“It ain’t what you don’t know that gets you into trouble. It’s what you know for sure that just ain’t so.” – Mark Twain
In today’s rapidly evolving markets, you can never take anything for granted. The average lifetime of so-called “best practices” is shorter than ever.
I experienced this first hand recently on a couple of email tests designed to drive registrations for some upcoming conferences. Both conferences were targeted at highly technical IT audiences.
My past experience had always indicated that the best subject lines had offers and calls to action, especially when closing in on a limited time offer pricing deadline. So the following test results were as expected:
I had seen this result dozens of times before; invariably, the subject line that emphasized the dollar savings and created a sense of urgency had always emerged triumphant. Imagine my surprise, then, when I saw the results of the following test for a different conference directed at a similar audience:
Not only did the standard subject line offer no improvement on the alternative; it produced a result that was significantly worse. There is no doubt that, for this particular audience, the second subject line produced more conversions than the first.
The beauty of testing is that marketers don’t have to figuratively stumble around in the dark searching for the best way to communicate with customers. Test and learn strategies provide a way to find out directly, from prospects and customers, what they value and want most. There is no longer any excuse for a marketer to rely on hunches, anecdotes, and biased opinions in order to make marketing decisions. Even the seemingly most insignificant of decisions – the color of a registration button, for example – may have an effect on conversion rates which can be quantified.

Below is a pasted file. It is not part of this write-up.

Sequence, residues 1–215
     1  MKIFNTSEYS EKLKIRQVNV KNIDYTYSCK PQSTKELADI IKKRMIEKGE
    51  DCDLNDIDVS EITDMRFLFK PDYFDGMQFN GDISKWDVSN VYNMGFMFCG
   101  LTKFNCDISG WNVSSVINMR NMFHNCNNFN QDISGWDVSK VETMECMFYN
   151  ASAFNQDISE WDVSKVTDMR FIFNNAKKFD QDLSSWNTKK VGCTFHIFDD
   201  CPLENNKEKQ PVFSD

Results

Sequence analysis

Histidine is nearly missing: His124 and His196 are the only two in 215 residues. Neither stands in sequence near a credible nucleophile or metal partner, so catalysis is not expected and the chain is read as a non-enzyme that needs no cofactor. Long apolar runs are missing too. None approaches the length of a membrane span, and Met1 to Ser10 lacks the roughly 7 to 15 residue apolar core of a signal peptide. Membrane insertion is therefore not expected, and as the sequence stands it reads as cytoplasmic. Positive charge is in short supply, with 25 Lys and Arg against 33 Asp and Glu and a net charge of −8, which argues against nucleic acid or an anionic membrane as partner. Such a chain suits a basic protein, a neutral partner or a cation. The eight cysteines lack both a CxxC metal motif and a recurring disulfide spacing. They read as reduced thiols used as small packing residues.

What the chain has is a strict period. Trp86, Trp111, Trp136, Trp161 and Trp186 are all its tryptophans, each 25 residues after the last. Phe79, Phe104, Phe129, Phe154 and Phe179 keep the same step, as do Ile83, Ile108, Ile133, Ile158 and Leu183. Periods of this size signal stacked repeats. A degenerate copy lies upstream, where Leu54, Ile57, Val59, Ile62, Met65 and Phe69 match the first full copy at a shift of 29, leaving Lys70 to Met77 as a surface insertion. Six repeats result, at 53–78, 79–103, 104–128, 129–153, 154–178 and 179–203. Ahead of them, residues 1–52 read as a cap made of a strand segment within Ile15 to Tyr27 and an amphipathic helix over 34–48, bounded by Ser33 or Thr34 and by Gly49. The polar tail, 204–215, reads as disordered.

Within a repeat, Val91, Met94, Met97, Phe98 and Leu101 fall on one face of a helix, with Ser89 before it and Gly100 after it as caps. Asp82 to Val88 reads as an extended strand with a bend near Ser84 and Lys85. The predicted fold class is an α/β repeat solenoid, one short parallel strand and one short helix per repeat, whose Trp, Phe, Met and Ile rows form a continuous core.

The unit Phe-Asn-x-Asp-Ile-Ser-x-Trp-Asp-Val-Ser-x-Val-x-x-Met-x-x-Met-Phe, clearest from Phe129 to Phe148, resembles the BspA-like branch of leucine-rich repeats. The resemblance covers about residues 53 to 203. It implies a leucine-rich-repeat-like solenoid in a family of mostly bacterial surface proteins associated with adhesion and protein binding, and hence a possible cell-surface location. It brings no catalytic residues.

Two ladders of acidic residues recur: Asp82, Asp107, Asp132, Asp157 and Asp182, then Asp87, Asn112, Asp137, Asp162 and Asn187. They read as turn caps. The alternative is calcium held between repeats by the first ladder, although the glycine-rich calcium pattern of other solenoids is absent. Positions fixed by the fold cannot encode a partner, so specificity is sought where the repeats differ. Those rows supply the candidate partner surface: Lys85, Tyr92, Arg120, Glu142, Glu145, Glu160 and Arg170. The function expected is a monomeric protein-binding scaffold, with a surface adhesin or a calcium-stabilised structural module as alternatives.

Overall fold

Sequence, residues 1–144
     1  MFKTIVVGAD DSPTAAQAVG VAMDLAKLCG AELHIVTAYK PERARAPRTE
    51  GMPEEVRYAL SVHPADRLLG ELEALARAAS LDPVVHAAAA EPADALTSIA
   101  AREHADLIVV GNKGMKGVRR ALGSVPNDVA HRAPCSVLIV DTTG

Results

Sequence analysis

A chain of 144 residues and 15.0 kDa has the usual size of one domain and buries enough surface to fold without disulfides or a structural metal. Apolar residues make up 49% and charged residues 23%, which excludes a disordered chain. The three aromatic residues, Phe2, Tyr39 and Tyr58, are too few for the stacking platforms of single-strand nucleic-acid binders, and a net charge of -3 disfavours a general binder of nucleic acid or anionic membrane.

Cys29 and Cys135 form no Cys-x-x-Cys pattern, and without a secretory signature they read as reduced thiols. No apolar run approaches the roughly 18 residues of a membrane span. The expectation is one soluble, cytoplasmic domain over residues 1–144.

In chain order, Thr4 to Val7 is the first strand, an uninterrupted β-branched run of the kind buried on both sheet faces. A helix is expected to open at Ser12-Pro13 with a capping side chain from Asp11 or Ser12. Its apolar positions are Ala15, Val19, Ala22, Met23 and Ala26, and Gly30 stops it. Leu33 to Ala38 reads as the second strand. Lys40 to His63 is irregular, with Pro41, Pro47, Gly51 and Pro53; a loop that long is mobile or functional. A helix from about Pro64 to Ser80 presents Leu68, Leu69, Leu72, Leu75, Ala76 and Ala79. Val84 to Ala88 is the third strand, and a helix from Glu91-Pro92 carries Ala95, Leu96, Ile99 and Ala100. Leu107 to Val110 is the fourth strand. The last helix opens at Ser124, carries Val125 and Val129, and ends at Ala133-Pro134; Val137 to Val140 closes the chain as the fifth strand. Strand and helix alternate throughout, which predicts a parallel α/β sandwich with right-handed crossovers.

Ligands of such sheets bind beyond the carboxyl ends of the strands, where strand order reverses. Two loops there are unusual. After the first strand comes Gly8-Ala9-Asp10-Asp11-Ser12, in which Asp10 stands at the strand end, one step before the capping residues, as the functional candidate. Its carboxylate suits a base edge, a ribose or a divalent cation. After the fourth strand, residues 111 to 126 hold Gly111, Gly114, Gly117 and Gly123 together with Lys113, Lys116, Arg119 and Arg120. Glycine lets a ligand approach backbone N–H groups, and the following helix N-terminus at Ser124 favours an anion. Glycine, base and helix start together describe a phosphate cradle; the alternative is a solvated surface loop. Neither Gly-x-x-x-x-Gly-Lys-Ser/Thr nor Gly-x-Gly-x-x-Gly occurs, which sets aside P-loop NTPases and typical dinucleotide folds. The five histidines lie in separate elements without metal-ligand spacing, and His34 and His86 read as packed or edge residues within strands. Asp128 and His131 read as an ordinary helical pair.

However, when employing a test and learn approach to marketing, there is a trap to be avoided, which is illustrated by this example. Every business, and every customer set are different. There is no one set of best practices that apply in every situation. Think of the body of knowledge that you gain by testing to be a set of “best guidelines” rather than best practices. And know that no testing program ever arrives at a final best answer. Your customers are always changing. Always be testing.